Wednesday, June 19, 2019 -
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Don’t take this sitting down

Dear Tzviling,

I went to a synagogue for the first time last Shabbat and I could not figure these people out. They couldn’t make up their minds if they wanted to sit or stand during the prayers. I mean I walk in while they are seated, then they stand up then back down, not just once but quite a few times. Standing or sitting: just make up your mind!

Also, is this why I should come to synagogue, just to go up and down?

Your column is the best!

— David Gold, online reader from The Bronx

Dear Dovid,

You make a good point. We do not go to a synagogue to go “up and down.” For that you go on a Stairmaster (not on Shabbos).

We go to a synagogue to daven (pray) with other Jews to Hashem. The prayers are more effective when praying with a minyan.

At certain times during the prayers, we are asked to stand due to the lofty nature of the prayer — the Amidah prayer is a good example. When we have a private audience with the king, we stand. Certainly, when we are talking to G-d, there is nothing wrong with standing during the entire prayer, but it is not necessary. Most people sit during the “non-standing” parts and stand during the “standing” parts.

Consider the following story which took place at the turn of the 20th century in the city of Chelm — the geographical center of all Jewish stories:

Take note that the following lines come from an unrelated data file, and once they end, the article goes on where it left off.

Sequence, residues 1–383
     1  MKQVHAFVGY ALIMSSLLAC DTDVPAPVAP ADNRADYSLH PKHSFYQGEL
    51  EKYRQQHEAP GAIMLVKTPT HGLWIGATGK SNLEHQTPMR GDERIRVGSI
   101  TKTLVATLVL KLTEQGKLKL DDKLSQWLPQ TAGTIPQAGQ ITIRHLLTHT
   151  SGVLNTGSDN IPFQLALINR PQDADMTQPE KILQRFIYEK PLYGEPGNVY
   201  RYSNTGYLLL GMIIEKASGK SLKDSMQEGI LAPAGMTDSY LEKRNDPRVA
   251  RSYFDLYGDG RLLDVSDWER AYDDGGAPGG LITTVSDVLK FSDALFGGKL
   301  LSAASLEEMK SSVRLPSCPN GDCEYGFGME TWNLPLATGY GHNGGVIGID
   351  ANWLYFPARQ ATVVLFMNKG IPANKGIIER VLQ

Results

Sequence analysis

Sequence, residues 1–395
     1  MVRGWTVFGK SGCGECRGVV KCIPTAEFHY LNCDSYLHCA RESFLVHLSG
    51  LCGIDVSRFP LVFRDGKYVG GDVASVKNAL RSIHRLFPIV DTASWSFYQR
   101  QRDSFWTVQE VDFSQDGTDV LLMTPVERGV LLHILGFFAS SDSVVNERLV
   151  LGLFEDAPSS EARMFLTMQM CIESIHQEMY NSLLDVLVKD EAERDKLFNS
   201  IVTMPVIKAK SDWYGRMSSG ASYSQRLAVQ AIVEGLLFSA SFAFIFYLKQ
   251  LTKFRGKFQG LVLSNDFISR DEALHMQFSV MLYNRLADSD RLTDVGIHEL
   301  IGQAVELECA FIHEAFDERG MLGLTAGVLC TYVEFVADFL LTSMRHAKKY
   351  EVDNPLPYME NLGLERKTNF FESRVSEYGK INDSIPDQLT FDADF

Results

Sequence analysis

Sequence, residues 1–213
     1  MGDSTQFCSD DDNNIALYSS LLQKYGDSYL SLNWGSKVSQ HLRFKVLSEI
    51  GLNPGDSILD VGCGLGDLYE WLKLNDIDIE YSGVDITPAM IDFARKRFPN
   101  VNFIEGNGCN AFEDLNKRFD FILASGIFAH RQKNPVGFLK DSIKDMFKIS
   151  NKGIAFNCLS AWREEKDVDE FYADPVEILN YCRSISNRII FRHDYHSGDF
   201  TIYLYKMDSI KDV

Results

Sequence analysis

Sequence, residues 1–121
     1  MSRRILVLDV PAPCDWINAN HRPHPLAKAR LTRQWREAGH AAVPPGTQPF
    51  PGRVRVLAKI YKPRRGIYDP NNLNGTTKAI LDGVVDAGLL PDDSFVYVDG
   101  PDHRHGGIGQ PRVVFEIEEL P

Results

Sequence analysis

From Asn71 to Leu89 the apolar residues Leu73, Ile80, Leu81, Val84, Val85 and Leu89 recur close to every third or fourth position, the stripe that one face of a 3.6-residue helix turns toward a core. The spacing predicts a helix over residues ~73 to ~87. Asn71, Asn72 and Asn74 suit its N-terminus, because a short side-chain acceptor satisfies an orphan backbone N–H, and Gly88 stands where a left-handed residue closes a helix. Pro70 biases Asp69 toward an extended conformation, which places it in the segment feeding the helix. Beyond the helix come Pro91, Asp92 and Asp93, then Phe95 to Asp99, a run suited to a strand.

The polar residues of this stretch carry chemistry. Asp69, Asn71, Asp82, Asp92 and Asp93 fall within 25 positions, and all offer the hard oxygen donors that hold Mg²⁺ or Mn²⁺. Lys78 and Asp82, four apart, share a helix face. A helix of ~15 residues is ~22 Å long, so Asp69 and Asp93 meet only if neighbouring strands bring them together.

The Shteeble Shul was in a quandary. Every Friday night the same thing repeated itself. When the cantor would begin L’cho Dodi, a beautiful prayer welcoming the Shabbos queen, half of the congregation stood up, while the other half remained sitting. Week after week.

Half the shul is standing.

Half the shul is sitting.

Finally, Getzel, the president of the shul, said, “This is ridiculous. What is the custom? We either sit or we stand.” We have to get to the bottom of this. What is the shul’s custom?

Getzel came up with an ingenious plan.

“Let’s ask Melvin.”

Melvin was 98-years-old and was present when the shul was founded.

Surely, he would know the answer.

A delegation with a representative from both sides ceremoniously arrived at Mendel’s house and explained their question.

“Tell me,” shouts one of the sitters. “Is it not true that the custom was always to sit?”


With a smile, the stander says triumphantly, “Aha, you see, the custom is to stand, right?”


“No?’ they both shout, “Do you know every single Friday night, half the people sit, half the people stand, and everyone is shouting at each other?”

“That was always the custom,” chimes in Melvin.

SEND your questions to to be answered with wit, wisdom and humor by identical twins Rabbis Yisroel Engel (Denver) and Shloime Engel (Montreal) who share their combined 100 years of experience.

Copyright © 2011 by the Intermountain Jewish News

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